100 Cricketers – The Eighth XI Bowlers and Introducing the Ninth XI

The latest in my “100 cricketers” series, featuring the bowlers from the eighth XI and introducing the ninth XI in batting order. Also contains an important link and some photograp;hs.

INTRODUCTION

Welcome to the latest in my “100 cricketers” series. This post features the bowlers from my eighth XI and introduces the ninth XI in batting order. The introductory post to the series can be found here, the post in which I Introduce the eighth XI is here and the most recent post in the series is here. Before I get to the main meat of my post it is time for a quick…

COUNTY CHAMPIONSHIP UPDATE

There has been play in all matches today, and the current situations as I type are:

  • Nottinghamshire v Yorkshire – Nottinghamshire 408 and 160-2, Yorkshire 291
    Nottinghamshire are in the box seat in this one – their plan should be to score as many as they can in the final session of today and give themselves a full day to bowl Yorkshire out again. Chris Nash is current;ly 60 not out and Joe Clarke following his first innings ton has 28 not out, while Ben Coad and Duanne Olivier have a wicket a piece. Stuart Broad, Luke Fletcher and Samit Patel each bagged three Yorkshire wickets.
  • Hampshire v EssexHampshire 525-8 declared, Essex 164 and 15-1
    Only bad weather (of which there has been some in this game) can now deny Hampshire, especially given that Adam Wheater did not bat in the Essex first dig, and woiuld presumably only do so in the second if there is a serious chance to save the match. Sir Alastair Cook made exactly 50 in the Essex first innings, but had little support. Nick Browne has already had his second failure of the match, and Cook and Tom Westley are currently batting together. West Indian quick Fidel Edwards picked up a five-wicket haul in the Essex first innings.
  • Somerset v Kent Somerset 171 and 53-4, Kent 209
    After a poor batting effort yesterday Somerset needed to bowl Kent out quickly today, and did a fairly decent job of doing so, Lewis Gregory and Craig Overton (who already has some England experience) each taking three wickets. However, they are struggling once again with the bat, with Tom Abell once again digging in but finding little support. Somerset somehow need to conjure up another 200 runs from somewhere to give themselves a serious chance.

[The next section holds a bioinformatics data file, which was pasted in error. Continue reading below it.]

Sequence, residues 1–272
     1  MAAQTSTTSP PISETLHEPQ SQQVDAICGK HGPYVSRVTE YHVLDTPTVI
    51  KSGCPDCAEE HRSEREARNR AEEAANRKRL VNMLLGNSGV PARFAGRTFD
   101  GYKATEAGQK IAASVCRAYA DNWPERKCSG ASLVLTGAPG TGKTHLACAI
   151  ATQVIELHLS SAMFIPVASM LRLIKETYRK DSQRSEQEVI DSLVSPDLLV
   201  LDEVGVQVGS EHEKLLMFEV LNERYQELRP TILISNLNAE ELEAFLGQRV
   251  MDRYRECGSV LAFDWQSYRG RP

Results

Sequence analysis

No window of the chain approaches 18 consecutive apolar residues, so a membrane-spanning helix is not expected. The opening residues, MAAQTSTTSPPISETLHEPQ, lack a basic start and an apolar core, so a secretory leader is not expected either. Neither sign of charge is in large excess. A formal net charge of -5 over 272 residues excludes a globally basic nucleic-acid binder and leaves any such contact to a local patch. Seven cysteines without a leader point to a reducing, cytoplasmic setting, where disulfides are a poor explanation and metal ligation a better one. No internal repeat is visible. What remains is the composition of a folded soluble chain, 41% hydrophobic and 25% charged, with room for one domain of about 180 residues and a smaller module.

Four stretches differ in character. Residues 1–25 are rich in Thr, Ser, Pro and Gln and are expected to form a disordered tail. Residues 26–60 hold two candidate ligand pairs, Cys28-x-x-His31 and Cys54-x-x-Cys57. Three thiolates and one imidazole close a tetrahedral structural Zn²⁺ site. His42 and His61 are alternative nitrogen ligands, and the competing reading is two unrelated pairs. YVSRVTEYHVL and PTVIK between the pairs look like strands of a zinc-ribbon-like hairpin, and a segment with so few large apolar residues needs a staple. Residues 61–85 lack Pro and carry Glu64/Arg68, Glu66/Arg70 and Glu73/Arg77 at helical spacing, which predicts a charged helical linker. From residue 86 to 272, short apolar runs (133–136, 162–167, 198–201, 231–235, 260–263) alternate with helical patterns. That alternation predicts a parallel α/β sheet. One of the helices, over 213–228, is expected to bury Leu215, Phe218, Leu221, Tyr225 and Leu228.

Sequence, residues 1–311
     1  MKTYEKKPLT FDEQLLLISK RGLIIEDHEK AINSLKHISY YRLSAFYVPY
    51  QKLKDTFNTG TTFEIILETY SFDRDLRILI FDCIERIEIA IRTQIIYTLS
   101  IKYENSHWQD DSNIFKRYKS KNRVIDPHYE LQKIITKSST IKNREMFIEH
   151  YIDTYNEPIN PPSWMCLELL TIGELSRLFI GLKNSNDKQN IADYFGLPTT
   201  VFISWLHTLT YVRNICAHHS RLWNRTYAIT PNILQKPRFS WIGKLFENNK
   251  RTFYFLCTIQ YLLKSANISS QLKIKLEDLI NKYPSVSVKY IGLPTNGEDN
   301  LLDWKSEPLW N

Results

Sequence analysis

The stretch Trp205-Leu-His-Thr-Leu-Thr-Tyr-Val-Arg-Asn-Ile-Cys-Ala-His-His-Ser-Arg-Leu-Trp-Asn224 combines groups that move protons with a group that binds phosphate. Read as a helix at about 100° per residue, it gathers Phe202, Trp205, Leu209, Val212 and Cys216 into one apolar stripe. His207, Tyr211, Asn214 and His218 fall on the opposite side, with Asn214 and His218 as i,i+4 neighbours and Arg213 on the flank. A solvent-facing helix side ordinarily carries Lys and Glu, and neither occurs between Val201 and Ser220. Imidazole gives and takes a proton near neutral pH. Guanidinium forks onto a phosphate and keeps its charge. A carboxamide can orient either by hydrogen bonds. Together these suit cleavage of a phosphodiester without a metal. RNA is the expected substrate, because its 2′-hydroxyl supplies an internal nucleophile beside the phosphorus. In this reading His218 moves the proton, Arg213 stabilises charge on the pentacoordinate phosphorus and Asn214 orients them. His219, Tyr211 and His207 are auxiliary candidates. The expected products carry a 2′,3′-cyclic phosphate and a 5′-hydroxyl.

• Derbyshire v DurhamDerbyshire 197 and 308-8, Durham 171
    Derbyshire have taken control of this one, with wicketkeeper-batter Hosein contributing his second fifty of the match, and Tom Lace scoring 62 as well. Matt Critchley, a bits and pieces player who would appear from his record to not be quite good enough in either department made 51. A 19 year old slow left arm orthodox bowler, Liam Trevaskis, has taken one of the wickets – and April is not usually a great month for slow bowlers, so I am going to take a punt and say “watch this space”.
  • Northamptonshire v MiddlesexNorthamptonshire 445, Middlesex 271 and 45-2
    My congratulations to Northamptonshire on enforcing the follow-on even though they only just had the requisite lead – many teams would have taken the cowards option of batting again, but as far I am concerned going for the quick kill is the right thing to do. They may yet be baulked by the weather, which his halted this game for the moment. Nathan Buck took five wickets in the first Middlesex innings, and also has both the second innings wicket to fall so far. James Harris with 61 not out was the only Middlesex batter to make a major contribution.